> would like to be able to use the symbol.  They are, in  general, users and
> representatives of users of the symbol.   They  come together to allow
> those who follow them to use it. They often  work long hours, receiving
> inadequate recognition for either products  shipped or papers published,
> the conventional metrics of performance,  so I would not call it vanity.
> Note also that W3C (IETF, etc) specs have achieved a lot, made a lot  of
> interoperable systems, and formed with each layer a foundation for
> building new layers. So I would not say that the work as been in vain
> either.

Of course. I agree these organizations have achieved a lot, the people in 
them have worked hard, for little compensation, and specifications are good 
and necessary. What I meant to express was my belief that it is virtually 
impossible for anyone to prevent ambiguity in the URI created by the wide 
open public once these specifications have been released. And furthermore, 
that the real problem is that of creating a denotation for a URI at all. 
Once that problem is sovled, I think such issues as http-range-14, 303 
redirects, etc. unnecessary. As such, I think they are a distraction.

Here are a few examples of the kind of ambiguity that I am referring to. I 
assume for this purpose that it is in fact possible to create a denotation 
of a URI by publishing information about it at the location that will be 
returned through HTTP.

A scenario: I make a statement at one point in time using your URI while the 
"information" about the URI says one thing. For simplicity, lets say I copy 
and cache this denoting/identifying information with my statements using it. 
Later you change the information at that URI and I make another statement 
using the same URI. If the denotation of a URI is given by the information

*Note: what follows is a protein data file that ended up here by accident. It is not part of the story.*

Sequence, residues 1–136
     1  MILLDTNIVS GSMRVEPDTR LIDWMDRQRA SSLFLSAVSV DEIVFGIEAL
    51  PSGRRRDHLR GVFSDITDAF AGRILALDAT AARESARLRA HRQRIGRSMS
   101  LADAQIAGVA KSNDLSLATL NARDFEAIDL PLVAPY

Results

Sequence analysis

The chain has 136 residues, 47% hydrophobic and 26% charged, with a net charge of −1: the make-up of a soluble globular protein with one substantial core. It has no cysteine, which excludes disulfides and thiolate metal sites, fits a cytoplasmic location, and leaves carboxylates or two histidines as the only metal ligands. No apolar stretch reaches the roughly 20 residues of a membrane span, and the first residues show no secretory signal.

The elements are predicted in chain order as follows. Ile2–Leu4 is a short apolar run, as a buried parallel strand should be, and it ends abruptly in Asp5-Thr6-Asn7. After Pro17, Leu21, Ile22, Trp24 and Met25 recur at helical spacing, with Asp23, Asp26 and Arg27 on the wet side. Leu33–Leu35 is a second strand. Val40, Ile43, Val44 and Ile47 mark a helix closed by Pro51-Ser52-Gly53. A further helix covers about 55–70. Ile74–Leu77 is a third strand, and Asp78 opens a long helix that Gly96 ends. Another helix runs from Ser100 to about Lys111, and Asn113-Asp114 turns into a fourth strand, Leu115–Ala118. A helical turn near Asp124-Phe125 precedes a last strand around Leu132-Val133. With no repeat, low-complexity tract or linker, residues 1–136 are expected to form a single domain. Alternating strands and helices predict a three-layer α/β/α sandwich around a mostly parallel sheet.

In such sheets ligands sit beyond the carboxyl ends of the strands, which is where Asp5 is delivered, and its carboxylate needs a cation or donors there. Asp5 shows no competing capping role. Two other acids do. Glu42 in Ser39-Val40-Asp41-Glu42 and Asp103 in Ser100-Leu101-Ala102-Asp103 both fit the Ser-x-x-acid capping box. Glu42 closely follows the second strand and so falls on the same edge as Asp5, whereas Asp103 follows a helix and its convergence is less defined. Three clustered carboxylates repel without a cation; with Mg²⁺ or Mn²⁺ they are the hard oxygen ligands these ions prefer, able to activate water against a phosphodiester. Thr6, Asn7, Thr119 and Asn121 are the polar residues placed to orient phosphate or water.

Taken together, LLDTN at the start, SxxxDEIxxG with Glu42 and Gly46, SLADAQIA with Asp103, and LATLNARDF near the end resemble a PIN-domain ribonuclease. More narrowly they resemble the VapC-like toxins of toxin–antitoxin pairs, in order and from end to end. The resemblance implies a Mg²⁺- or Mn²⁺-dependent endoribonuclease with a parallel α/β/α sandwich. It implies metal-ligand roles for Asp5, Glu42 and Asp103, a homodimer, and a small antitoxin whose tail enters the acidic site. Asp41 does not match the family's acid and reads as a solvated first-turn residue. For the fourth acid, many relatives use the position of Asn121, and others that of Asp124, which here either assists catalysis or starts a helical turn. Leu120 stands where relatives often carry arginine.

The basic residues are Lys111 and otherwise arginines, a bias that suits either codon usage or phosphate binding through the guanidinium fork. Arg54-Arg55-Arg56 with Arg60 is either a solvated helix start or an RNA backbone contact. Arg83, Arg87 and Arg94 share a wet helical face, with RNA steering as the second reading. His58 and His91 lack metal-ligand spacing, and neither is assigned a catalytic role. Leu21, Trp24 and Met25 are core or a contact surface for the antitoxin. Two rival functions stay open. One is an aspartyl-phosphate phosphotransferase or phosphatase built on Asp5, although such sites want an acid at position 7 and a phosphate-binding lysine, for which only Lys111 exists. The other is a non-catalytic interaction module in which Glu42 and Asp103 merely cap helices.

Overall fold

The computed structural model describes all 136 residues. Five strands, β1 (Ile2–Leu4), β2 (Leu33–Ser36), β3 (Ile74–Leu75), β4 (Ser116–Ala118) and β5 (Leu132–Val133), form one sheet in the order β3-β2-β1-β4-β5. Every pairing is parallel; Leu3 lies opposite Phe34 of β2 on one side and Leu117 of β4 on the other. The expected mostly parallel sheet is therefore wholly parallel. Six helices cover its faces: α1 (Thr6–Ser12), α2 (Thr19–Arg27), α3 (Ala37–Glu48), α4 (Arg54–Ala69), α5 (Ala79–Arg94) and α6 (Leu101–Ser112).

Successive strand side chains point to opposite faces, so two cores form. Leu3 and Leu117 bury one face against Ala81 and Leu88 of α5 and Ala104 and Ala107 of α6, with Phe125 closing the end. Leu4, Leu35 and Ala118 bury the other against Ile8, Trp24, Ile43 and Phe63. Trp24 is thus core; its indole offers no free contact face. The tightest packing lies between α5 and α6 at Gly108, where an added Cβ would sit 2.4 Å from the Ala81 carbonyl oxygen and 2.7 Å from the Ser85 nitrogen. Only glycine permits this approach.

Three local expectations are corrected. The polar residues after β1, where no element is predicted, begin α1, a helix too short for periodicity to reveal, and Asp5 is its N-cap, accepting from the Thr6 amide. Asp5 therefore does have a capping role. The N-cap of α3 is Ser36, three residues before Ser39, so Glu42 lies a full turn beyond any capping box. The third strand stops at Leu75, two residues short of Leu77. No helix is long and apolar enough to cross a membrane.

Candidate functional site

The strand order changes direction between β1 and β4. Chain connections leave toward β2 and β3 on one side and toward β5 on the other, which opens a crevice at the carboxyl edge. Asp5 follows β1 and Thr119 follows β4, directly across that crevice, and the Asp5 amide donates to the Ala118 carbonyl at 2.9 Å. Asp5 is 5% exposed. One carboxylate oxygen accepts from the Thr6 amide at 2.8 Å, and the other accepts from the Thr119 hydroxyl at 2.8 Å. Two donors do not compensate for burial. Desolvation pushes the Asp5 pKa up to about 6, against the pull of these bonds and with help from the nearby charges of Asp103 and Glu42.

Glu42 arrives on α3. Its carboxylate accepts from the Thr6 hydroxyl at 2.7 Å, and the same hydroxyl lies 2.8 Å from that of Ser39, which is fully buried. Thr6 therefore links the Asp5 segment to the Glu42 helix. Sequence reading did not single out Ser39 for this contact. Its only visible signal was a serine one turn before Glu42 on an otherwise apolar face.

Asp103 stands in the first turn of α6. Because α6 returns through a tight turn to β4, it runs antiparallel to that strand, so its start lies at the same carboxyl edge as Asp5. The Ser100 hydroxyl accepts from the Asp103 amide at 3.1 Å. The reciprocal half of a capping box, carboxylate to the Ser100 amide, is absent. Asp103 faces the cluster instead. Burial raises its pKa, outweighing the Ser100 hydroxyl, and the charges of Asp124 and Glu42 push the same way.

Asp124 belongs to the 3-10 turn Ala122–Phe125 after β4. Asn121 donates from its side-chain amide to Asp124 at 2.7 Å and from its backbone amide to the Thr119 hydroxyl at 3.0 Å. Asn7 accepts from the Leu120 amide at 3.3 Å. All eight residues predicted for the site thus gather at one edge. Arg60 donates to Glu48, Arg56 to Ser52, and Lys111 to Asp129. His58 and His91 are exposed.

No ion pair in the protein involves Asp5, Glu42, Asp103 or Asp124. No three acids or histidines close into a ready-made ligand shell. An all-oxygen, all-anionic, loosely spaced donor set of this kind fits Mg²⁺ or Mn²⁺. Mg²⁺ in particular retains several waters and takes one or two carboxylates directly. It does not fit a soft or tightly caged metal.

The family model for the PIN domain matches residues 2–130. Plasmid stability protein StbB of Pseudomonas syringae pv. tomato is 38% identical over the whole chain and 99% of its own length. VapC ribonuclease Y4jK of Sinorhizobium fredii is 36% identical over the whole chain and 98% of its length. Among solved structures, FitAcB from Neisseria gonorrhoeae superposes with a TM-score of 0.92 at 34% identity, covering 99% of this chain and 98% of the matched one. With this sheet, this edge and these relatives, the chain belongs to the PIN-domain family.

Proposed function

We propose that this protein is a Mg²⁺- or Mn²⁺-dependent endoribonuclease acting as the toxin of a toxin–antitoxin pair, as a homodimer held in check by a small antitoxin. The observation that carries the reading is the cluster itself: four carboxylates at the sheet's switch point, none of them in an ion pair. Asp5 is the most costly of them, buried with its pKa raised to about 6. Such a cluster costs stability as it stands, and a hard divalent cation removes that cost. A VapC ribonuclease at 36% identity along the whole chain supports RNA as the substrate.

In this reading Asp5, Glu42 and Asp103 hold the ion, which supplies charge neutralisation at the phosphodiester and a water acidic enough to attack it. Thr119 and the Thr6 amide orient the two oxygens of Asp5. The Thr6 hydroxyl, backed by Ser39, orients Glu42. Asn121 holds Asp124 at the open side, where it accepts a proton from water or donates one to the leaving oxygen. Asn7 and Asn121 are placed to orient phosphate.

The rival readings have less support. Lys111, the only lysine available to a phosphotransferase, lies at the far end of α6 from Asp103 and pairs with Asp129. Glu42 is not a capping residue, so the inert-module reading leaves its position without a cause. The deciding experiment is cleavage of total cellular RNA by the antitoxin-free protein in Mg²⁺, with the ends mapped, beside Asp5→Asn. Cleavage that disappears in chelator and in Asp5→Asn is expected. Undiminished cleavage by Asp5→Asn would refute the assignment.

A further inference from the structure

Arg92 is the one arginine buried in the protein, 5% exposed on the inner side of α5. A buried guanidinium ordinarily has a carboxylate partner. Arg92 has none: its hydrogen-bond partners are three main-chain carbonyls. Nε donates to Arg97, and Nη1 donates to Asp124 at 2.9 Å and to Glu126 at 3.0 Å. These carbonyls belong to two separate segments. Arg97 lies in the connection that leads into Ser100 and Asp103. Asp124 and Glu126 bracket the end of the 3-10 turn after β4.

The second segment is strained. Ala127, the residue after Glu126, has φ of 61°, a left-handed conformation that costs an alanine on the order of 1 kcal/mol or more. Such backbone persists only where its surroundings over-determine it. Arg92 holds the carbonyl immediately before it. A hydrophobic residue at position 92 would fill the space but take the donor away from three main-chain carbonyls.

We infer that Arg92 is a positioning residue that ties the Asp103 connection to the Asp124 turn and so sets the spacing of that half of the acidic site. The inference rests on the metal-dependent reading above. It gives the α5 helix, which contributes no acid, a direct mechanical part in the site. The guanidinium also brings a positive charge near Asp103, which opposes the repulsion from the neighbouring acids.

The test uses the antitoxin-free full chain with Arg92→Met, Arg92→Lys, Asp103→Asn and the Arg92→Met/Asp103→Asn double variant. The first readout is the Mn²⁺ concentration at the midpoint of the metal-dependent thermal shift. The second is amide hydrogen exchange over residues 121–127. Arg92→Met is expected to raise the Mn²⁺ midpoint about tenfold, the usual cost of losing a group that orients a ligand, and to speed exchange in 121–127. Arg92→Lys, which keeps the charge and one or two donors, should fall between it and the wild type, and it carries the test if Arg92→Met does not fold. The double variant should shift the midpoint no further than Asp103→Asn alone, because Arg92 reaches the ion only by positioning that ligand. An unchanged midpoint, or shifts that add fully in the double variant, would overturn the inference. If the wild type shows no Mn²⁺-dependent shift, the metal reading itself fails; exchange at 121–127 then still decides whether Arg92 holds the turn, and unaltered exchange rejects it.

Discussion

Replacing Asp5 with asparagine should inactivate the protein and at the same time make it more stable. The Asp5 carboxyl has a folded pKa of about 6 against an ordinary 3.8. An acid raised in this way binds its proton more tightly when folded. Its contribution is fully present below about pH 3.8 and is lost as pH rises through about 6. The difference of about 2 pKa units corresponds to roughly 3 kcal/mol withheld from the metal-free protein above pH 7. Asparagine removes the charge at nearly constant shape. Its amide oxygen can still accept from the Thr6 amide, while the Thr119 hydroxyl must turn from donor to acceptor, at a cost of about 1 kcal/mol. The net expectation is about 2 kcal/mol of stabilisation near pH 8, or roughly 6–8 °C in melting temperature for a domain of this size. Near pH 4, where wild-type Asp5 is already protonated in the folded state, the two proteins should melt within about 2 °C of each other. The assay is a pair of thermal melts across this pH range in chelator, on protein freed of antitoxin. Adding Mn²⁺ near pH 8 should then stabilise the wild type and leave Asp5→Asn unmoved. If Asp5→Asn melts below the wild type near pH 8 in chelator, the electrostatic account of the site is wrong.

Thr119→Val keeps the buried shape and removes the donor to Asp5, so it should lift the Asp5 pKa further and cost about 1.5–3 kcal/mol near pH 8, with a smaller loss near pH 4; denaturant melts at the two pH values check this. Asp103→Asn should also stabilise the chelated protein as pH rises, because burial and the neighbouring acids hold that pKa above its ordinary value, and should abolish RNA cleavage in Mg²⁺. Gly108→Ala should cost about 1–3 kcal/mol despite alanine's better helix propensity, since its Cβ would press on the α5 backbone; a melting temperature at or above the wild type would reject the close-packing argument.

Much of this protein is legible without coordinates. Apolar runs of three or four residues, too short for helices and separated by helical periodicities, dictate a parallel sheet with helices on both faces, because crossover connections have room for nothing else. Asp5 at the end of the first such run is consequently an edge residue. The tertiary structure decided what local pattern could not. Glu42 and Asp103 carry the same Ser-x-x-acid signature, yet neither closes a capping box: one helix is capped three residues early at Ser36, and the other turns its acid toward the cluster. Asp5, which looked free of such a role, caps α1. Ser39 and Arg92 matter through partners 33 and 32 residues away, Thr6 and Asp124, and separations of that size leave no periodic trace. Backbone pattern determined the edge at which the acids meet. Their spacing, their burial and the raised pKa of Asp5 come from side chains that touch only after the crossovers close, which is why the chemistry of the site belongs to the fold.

retrievable from that URI, then it has become ambiguous. It denotes one 
thing as used in statements before the change, and another thing in 
statements used after the change. This would be ambiguity due to 
denotation-drift over time.

Another scenario: A scientist discovers a new molecule. He names it with a 
URI that he owns. It is denoted by a descriptive account of some of the 
measurable properties that the scientist has discovered. Now another 
scientist becomes interested it in and discovers what he believes are 
additional properties. He wants to publish his results about the molecule. 
But the first scientist owns the URI, which has now become commonly used in 
the field, and doesn't want to add the new properties. Perhaps he thinks he 
has discovered properties which are incompatible and publishes those. So the 
second scientist publishes additional data about the molecule on his own web 
site using the original URI that everyone is using. Factions develop around 
each differing denotation. It is now ambiguous because the factions cannot 
agree on its denotation.

Another scenario: If the denotation of a URI is given by the information 
that can be referenced when it is used in HTTP, then the URIs found there 
must be further denoted by the statements that can be referenced by those 
URI and so on. Now this process would likely be very computationally 
expensive in many cases and would likely be cut short in practical cases. If 
clients differed in the depth they computed the closure of a URI it would 
create ambiguity. One client has a reasoner that computes the ontological 
closure of a URI to level 100 and another client has one that computes the 
closure to level 200. Ambiguity arises here because the 
denotation/identification of one client's view of the URI is more detailed 
than the other.

Another scenario: If a URI has embedded in it one or more natural language 
words, then the denotations of those words may affect the overall denotation 
of the URI. In the worse case, those natural language words may be ambiguous 
themselves. To prevent this you could forbid the use of natural language 
words in URI, but this would remove much of the actual semantics that exists 
on the semantic web. For as far as I can tell, we are so far mostly riding 
on the back of natural language to supply the denotations of URI. This is 
ambiguity due to the symbolic theft of natural language terms used in URI. 
See my post, http://kashori.com/2006/11/semantic-web-and-symbolic-theft.html 
for more on this idea.

> Tim
Received on Tuesday, 12 June 2007 20:53:49 UTC